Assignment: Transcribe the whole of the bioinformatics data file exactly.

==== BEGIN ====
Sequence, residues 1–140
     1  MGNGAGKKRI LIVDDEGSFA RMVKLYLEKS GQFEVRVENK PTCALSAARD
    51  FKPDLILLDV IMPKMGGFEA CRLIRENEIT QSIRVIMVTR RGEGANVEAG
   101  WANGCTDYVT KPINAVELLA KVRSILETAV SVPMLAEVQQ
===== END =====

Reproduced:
Sequence, residues 1–140
     1  MGNGAGKKRI LIVDDEGSFA RMVKLYLEKS GQFEVRVENK PTCALSAARD
    51  FKPDLILLDV IMPKMGGFEA CRLIRENEIT QSIRVIMVTR RGEGANVEAG
   101  WANGCTDYVT KPINAVELLA KVRSILETAV SVPMLAEVQQ